His composure for a pro-athlete at that age is incredible and his mannerisms on the course epitomize what the game of golf is about. He's a true gentleman in a gentlemen's game.
Spieth is certainly easy to cheer for.
However, I have been a Phil Mickelson fan for years, and if I was going to root for a golfer in a tournament, I would pull for "Lefty" first, followed by Rory McIlroy and then Spieth.
It was also nice to see Mickelson in the hunt and Tiger Woods starting to get back in shape. All-in-all, I didn't miss too many shots in the Saturday and Sunday rounds.
Speaking of young talent with great futures, Erie is blessed with numerous potential stars, Strong Vincent star sophomore basketball player David Morris getting a lot publicity this winter.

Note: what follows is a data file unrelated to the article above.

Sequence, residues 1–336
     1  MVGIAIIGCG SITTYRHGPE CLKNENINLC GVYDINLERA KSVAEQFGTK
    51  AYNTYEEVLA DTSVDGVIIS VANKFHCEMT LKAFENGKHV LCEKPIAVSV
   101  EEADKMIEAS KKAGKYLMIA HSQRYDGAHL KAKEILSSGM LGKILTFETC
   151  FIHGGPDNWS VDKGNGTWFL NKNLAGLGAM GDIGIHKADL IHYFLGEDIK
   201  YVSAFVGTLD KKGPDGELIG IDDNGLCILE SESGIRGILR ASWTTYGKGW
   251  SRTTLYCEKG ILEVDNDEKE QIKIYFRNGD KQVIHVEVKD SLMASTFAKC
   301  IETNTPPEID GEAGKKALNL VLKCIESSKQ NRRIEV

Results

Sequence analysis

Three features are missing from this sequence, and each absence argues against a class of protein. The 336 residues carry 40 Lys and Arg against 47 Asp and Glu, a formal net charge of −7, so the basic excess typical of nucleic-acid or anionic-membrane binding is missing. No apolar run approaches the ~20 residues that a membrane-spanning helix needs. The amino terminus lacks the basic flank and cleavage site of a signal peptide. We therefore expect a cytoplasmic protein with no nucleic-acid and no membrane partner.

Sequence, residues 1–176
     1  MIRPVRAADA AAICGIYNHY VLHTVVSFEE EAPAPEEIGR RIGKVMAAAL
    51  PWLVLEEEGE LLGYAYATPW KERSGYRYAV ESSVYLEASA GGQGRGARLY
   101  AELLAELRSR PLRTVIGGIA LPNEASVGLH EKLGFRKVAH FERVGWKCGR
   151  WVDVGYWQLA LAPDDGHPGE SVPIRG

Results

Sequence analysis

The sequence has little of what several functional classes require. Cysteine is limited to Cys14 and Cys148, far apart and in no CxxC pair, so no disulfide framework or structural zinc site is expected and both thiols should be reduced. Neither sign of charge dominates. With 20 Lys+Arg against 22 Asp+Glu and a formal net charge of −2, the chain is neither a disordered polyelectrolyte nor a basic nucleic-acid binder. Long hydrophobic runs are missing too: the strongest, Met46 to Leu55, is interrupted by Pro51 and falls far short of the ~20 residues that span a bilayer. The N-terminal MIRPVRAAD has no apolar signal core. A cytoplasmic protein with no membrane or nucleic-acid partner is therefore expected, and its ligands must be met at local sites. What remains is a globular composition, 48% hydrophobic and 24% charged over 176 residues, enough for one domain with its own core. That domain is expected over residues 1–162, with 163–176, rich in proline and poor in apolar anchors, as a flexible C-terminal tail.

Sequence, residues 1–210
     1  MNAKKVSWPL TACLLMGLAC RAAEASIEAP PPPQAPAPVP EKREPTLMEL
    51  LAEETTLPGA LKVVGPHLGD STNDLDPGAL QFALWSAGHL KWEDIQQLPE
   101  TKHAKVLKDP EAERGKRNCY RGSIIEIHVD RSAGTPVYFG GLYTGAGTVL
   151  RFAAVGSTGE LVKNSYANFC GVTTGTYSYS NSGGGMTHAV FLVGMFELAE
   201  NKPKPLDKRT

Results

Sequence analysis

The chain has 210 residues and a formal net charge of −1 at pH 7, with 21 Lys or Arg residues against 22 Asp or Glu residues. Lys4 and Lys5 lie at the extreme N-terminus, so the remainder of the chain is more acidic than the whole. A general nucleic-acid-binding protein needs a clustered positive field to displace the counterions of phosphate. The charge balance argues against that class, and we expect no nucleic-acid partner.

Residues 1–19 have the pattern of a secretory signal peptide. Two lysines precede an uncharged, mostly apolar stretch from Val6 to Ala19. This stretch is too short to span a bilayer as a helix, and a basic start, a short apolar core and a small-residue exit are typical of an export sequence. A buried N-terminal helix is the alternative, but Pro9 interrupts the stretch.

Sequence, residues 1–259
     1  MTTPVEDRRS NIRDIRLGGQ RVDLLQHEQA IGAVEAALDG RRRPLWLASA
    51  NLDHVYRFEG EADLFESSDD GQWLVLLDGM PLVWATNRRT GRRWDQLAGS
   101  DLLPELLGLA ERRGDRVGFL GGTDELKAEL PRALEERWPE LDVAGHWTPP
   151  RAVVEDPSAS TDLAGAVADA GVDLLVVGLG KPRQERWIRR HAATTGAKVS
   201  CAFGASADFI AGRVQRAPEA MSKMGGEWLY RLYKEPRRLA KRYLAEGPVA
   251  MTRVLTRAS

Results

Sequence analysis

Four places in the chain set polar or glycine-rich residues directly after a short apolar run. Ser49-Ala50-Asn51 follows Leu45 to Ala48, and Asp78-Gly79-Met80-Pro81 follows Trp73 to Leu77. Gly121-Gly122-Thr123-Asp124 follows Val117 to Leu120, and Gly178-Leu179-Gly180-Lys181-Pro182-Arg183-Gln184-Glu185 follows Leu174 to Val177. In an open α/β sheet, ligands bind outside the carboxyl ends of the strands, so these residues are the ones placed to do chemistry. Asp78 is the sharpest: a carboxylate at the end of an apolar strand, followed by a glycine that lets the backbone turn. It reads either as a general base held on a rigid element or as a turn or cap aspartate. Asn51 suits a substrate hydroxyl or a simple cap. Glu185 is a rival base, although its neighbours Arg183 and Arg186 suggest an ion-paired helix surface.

However, a name I'm hearing a lot at this moment is Cathedral Prep freshman Matt Bauer, the ninth-grader starting for both the varsity football and baseball teams. A standout as a linebacker and defensive end, the 6-2, 210-pounder has already received an offer to play Division-I football at the University of Virginia.
He may be the first Erie athlete to ever get an offer such as this at such a young age.
In baseball, the Ramblers went to a tournament in Arizona, going undefeated in five games, and Bauer was named the Most Valuable Player in the event.
He is also in select company here as there have been very few CP athletes that started in ninth-grade on a pair of varsity squads.
I recently attended a sensational discussion at Penn State Behrend put on by the Josh Gibson Foundation regarding the Negro League; Sean Gibson, the great grandson of the legendary Josh Gibson, hosted the event. It was informative, entertaining, and emotional, as the fans in attendance were made aware of what these great pioneers endured.